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Reflection: Learning about DIY music and heavy listeners

This article first appeared in the St. Louis Beacon, July 19, 2013: I got a crash course in DIY music at the Lemp Neighborhood Arts Center this weekend. Home to the incredible Orchestrating Diversity program, my only experience with LNAC had been listening to the young participants rehearsing classical pieces for their Spring Concert.

I had no idea what to expect from an evening that was scheduled to include several bands as well as a screening of the short film, “Dither: The DIY Sound.” I showed up early to talk to Mark Sarich, founder and director of LNAC while he and others prepared dinner for the members of Native, a band whose members had traveled in that day from Indiana and Chicago.

As he chopped vegetables, Sarich gave me a brief, simple  history and explanation of the DIY:

From its roots in D.C. as a reaction against the ban of all-ages shows, the DIY movement was started and is continued predominantly by the young – the under 21 set. The music that came out of it was largely unpolished and experimental in the beginning, bands performing in basements or houses - where their age and that of their audience isn’t a factor. To allow the participants total creative control and ability to follow their process at their own pace, they avoided commercial dependency, focusing instead on the reaction of the community around them.

Started by Sarich almost 20 years ago, the Lemp Neighborhood Arts Center is a volunteer run not for profit and a slice of DIY heaven. It offers a welcoming (smoke and alcohol-free) atmosphere, simple furnishings, excellent acoustics and open audience - hosting bands from all over the country and world – from Tokyo, Beirut, Tel Aviv and Milan (to name a few).

Ed O’Neil and Dan Evans of Native talked about their connection to LNAC – how they had been refreshed and encouraged by their initial visit as a newly formed band and how over the years it has come to feel like a second home.

“Mark has something that’s lacking in the music industry these days: complete empathy. I doesn’t matter if it benefits him,” said O’Neil. “He won’t let people fall by the wayside.”

Evans noted that Sarich – and LNAC audiences - also provide an honest reaction; and that has helped to guide and ground Native as it maneuvered through its recent success.

“Mark’s opinion is something we hold in high regard,” Evans said. “There’s nothing like LNAC anywhere. The people who come out are heavy listeners. They’re here to experience an expression. “

Hearing local bands Anodes and Laika was my first live DIY experience. There is little or no separation between audience and musicians, the bands encouraging the growing crowd to step closer and absorb everything – maybe even contribute. The music is aggressive and at times chaotic – but somehow not exclusive.

The “heavy listeners” are totally involved: moshing, crowd-surfing or simply moving their heads to the music. The no-alcohol rule suddenly makes even more sense than LNAC’s mostly under-aged crowd: it preserves the good-natured aggression that inundates the room as the more active participants are careful to respect the space of others who merely there to listen.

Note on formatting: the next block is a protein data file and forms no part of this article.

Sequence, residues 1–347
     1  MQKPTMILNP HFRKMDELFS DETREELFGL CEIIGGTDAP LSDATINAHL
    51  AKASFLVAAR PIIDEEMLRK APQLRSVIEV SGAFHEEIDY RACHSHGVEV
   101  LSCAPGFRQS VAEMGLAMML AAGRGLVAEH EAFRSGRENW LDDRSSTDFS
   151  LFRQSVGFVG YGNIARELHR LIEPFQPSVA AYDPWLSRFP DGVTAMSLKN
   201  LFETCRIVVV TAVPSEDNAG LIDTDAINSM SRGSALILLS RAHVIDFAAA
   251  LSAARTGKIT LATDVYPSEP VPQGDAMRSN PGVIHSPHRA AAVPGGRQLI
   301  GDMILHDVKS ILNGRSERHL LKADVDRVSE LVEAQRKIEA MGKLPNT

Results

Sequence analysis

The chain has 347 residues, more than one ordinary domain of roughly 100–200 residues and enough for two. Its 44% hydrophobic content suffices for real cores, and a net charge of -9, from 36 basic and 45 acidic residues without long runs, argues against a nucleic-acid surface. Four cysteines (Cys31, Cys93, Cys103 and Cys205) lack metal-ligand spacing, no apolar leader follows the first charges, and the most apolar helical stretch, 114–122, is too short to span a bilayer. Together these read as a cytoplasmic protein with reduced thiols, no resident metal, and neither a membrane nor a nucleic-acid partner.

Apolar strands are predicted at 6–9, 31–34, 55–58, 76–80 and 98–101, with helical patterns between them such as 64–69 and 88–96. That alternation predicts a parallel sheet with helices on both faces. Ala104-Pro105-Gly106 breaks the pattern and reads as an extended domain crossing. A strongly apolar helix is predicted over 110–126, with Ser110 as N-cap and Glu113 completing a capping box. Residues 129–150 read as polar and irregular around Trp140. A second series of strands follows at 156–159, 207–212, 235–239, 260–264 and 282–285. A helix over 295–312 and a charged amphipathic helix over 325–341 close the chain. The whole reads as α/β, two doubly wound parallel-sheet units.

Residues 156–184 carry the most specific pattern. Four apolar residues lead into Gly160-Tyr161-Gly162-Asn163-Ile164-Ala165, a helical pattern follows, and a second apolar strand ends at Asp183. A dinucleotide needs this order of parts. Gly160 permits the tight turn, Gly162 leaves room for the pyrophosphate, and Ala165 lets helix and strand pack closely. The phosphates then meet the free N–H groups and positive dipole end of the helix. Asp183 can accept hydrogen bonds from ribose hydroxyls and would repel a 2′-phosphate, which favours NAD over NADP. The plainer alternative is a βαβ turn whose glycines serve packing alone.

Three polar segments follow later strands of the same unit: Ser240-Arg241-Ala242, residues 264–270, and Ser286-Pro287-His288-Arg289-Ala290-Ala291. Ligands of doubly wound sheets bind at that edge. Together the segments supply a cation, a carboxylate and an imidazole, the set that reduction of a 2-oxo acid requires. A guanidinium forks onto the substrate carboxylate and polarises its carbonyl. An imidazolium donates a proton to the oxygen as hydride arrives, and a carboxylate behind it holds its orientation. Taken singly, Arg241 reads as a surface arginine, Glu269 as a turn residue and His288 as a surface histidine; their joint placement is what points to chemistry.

As “Dither: The DIY Sound” was shown on the back wall, every single person sat down on the floor, cross-legged and watched in respectful silence. Sarich and Native are both prominently featured in the film, which focuses primarily on the history, philosophy and key players behind the movement.

One of the most interesting revelations in the film was that this subculture was created by and for “The Other” – in other words, the kids who - for one reason or another - were marginalized or ostracized. One film’s directors, Sam Geneser, was there and I expressed to my surprise that such seemingly (and oftentimes labeled) violent music actually has an unrelentingly positive attitude behind it.

Geneser said that, for many, the music is an outlet: that it doesn’t promote negative aggression but can give those with a tendency toward it a safe place to go and be able to express themselves.

As Native began to play, I realized that everyone was there to alternately celebrate, grieve and explore their “otherness” – whatever that meant to them as an individual - together. 

“This isn’t a place where you come to ‘make it’” I remembered O’Neil saying earlier. “But you’ll be remembered here. You’ll feel complete.”

As I staggered out to my car around midnight, legs still vibrating, I realized that the simple act of Sarich making dinner for Native demonstrated two defining components of the DIY lifestyle: community and humility. The offering and acceptance of a home cooked meal is so far removed from the insane demands and resources of the commercial music industry that it immediately set a tone to the evening that I would have never associated with the type of music that followed - and yet, somehow, now made sense to me.

As I turned the key in the ignition, a syrupy pop song came on the radio, sounding tinny and hollow and I turned it down as I looped back past LNAC, not quite ready to stop being a heavy listener.

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